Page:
Champions project benefits throughout the organization

The project sponsor and the other steering committee members must enthusiastically communicate, sell and defend the project benefits in informal discussions throughout the organization. They remind the organization of the project’s value proposition and maintain its commitment to the project. If these individuals fail to champion the benefits or, worse, challenge the benefits or criticize the project, the project is doomed.

For example, the project sponsor must reference the project status in meetings with other senior managers and remind them of its value proposition.

Provides support and guidance for the project manager

The project sponsor provides support and guidance for the project manager. The project sponsor offers organizational insights to the project manager, who often does not have enough seniority and reputation for the organization to accept necessary but unwelcome recommendations.

For example, the project sponsor may say, “Thanks for indicating that the support of the South American Division seems tepid. I’ll go with you to approach the VP about the staffing shortage issue we’ve been discussing.”

Conversely, if the project sponsor loses confidence in the project manager, the project sponsor must replace the project manager.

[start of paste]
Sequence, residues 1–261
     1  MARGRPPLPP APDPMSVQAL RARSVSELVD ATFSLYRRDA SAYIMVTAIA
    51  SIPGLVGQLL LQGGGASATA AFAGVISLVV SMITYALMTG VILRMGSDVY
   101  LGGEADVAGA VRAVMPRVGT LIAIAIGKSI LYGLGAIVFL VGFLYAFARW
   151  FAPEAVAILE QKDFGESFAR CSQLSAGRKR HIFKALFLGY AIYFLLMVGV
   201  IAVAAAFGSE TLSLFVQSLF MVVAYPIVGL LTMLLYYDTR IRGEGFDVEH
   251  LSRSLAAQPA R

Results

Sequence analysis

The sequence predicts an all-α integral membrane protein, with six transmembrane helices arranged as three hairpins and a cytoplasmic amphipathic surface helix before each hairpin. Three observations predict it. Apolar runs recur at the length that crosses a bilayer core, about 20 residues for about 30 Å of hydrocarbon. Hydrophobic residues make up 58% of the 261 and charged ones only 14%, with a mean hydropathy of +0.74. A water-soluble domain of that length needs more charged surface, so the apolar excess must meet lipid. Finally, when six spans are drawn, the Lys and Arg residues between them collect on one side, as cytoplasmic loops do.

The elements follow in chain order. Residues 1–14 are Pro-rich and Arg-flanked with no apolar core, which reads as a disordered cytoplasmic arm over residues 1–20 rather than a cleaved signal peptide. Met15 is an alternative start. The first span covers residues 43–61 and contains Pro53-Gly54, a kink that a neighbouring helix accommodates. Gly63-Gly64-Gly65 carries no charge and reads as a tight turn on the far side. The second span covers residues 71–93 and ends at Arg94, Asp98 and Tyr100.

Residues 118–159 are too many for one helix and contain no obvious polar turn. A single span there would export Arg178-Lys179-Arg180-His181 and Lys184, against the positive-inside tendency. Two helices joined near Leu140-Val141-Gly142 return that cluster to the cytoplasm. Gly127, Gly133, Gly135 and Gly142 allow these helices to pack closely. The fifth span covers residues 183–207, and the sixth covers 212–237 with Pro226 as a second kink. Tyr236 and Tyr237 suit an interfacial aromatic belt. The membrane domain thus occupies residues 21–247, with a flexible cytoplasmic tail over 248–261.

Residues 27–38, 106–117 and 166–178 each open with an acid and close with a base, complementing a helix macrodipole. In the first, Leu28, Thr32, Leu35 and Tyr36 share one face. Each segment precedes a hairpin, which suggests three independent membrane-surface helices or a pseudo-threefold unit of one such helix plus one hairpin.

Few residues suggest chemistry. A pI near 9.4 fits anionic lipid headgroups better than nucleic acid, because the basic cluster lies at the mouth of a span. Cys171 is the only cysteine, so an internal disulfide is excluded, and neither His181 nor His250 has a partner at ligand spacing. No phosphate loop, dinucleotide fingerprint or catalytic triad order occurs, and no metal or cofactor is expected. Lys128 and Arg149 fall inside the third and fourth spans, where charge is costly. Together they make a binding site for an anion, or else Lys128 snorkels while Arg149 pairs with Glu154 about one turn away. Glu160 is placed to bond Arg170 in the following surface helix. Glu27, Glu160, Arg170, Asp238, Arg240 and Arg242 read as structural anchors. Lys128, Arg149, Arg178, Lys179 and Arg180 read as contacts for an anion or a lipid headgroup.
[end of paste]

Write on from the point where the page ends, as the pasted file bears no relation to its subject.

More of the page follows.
Encourages the team

The project sponsor occasionally speaks to the entire team to publicly provide kudos, encouragement, and boost morale. On these occasions, the project sponsor strongly supports the project and the team’s work.

For example, the project sponsor can share some senior management scuttlebutt that would be good for the team to hear, to reinforce the importance of the team’s work for the organization.

Ensures resource commitments are fulfilled

When the project was approved, various stakeholders accepted resource commitments to work with the project. However, as the project proceeds, the business departments are typically hit with new resource demands and gradually de-commit from the project. Only the project sponsor can reverse this trend.

It’s up to the project manager to point out this failure to fulfill commitments to the project sponsor for resolution.

For example, only the project sponsor can effectively glare at the managers or VPs and encourage them to rebuild the resource commitment. Project managers can’t do that and survive efforts to fire them.

Resolves issues that the project manager cannot resolve on their own